In cities where land used to build houses, skyscrapers, roadways and parking lots trumps dirt to farm.

You don’t see food producers. Zip for farmers. But in rural areas, where there is plenty of space and less competition for creating large house lot subdivisions, shopping malls, there is migration happening.

I hear from more and more younger wannabe micro farmers that are savvy. Looking for simple, crime free living for their families. Not just chasing lofty salary career objectives. Not out to set the World on fire. Or make a big name for themselves.

Maine Farms Offer Simple Living, Daily Hard Work Involved.
Maine Farming, Life Is Hard Work, Spent In The Rolling Field, Big Barns, On The Tractor.

But simply after a healthy peaceful living. Honest rewarding back to the land work. Creating wealth from the farm dirt.

Become Jack of all trades empowered to learn to do it themselves because big bankrolls to peel off bills to hire it done is not in the cards they hold.

But in rural areas, cheaper land is not the wolf at the door to tame, charm. Transportation to market ease, food hubs are just a few of the daily challenges.

The creative urban producers rent don’t buy land or form partnerships with older farmers. Land trusts to fend off developers for now makes it unsettling. But still easier to peddle what is grown, raised being so close to the consumer. In the tail end of the production food chain, the consumers surrounding their operations to create a way to monetize the back to the land lifestyle they seek.

You Are What You Eat, Where You Live
The Cattle Are Munching. Hay, Just Hay. (Sneeze) Thanksgiving.

Younger farmers are at a disadvantage over established ones with deeper pockets. And in our country a high percentage of farmers have graying temples, receding hairlines or no hair at all.

Averaging an age of 59 plus years and climbing. You have seen the many pick up commercials starring especially Dodge or Chrysler products.

Using a farm theme to showcase the guy or gal. In jeans, cowboy boots and sporting a farmer’s tan. Sliding behind the wheel putting in long hours for little pay. To homestead, advance the back to the land movement. Hopefully to pass what the hard working farm family creates on to the next generation of producers. Because we all know, no farmer, no food young grasshopper. Organic farming in Maine is growing in popularity too.

In my job as a real estate broker of 35 years, more buyers are asking do you have a food co op, a farmer’s market?

Not just asking the tell me about your hospital, schools and the quality of your local library now. Good food grown close to home, locally sourced and healthy, safe, in consistent abundance. It is so important. In small rural communties, where you know the producer on a personal level in a small Maine town.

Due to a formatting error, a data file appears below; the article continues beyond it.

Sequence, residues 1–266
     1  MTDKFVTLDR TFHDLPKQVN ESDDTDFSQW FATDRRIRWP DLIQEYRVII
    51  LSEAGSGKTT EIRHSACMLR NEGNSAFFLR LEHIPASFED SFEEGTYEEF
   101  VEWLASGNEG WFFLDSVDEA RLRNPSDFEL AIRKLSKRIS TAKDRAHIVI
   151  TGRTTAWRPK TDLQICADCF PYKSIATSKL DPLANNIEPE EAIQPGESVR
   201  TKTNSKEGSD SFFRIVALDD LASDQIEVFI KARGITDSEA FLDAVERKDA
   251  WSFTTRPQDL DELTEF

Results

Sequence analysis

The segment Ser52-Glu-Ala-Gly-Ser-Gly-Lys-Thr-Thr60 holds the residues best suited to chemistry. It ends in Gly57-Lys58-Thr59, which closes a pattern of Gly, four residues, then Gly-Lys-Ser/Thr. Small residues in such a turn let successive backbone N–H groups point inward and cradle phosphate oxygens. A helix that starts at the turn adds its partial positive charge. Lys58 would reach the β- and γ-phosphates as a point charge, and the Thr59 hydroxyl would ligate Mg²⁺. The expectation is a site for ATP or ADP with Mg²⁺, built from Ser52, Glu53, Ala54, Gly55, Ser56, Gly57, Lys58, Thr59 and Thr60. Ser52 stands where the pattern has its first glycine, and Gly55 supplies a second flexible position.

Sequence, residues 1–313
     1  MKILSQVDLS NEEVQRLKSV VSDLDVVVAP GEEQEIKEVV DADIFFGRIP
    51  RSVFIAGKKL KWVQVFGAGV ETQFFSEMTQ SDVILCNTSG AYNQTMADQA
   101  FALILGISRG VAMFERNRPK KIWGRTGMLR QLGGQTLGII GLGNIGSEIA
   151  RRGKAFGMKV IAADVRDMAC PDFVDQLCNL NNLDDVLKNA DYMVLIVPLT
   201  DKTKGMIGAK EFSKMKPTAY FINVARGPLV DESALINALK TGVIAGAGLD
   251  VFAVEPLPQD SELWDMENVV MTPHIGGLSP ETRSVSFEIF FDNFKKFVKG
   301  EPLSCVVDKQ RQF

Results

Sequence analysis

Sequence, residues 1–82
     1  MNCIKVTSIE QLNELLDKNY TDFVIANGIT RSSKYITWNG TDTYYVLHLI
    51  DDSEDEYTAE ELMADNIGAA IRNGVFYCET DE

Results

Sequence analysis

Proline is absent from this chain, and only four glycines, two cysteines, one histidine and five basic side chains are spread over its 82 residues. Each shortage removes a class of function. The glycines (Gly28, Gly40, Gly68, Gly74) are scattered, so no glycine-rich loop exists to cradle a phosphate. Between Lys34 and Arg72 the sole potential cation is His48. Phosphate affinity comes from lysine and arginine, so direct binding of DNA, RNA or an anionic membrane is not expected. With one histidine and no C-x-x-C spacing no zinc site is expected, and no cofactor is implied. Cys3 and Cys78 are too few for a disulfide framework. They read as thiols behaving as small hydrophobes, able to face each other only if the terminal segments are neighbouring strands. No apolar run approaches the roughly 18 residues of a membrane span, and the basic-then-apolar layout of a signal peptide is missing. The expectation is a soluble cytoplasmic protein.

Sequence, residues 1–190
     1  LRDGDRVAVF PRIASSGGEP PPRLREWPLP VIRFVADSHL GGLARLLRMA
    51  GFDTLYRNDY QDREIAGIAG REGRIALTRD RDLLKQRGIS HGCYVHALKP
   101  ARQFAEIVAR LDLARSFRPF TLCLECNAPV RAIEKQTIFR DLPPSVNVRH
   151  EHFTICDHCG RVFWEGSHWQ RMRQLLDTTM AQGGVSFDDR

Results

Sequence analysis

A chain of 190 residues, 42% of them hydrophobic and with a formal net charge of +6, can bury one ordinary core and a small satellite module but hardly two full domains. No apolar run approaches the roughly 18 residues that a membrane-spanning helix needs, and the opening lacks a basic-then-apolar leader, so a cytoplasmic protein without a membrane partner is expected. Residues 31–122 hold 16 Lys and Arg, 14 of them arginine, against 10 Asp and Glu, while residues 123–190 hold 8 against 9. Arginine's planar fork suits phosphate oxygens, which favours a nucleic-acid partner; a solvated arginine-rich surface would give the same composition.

Maine Small Farm Land Photo
Growing Up In Maine, The Fun Home Made, Outdoors. Back To The Land Never Stopped. There Is No A Resurgence. With Younger Maine Farmers.

Cheap dirt, quality of life, simple living but hard work round the clock. Hard to squeeze in vacations.

Especially if you have animals needing to see your smiling puss a number of times each day.

For winter flakes of hay, watering, the coffee can of grain. For conversation in the dead of winter to break up the boredom of barn yard life. Waiting for spring, fresh clover to eat and roll in, the warmer temperatures.

Unlike crops, orchards, tree plantation types of small farming require. Farming in Maine, growing, raising crops or critters. Where you are head honcho.CEO with a farmer’s tan, no cufflinks. But doing whatever it takes on the small Maine farm to perform the many tasks. Logging the long hours of labor. With no guaranteed hourly wage for the effort. At the end of a farm day starting in the dark, ending the same way.

But like anything worthwhile in life, hunger improves the taste. What hits you the hardest is what rewards you the most. Like being challenged by your toughest teacher that reminds you this is not your best work. Let’s try again. More effort this second time around though. Because we both know you can do better. And she was right.

As a small Maine farmer struggling to scratch the dirt. Eek out a living. To feed your family. Get them raised tall, strong, happy and best. With values, the right beliefs and morals. It os always pile on the hard work with farming. But your choice, was self inflicted. To buy and develop for farming as much Maine land as you can afford.

I’m Maine REALTOR Andrew Mooers, ME Broker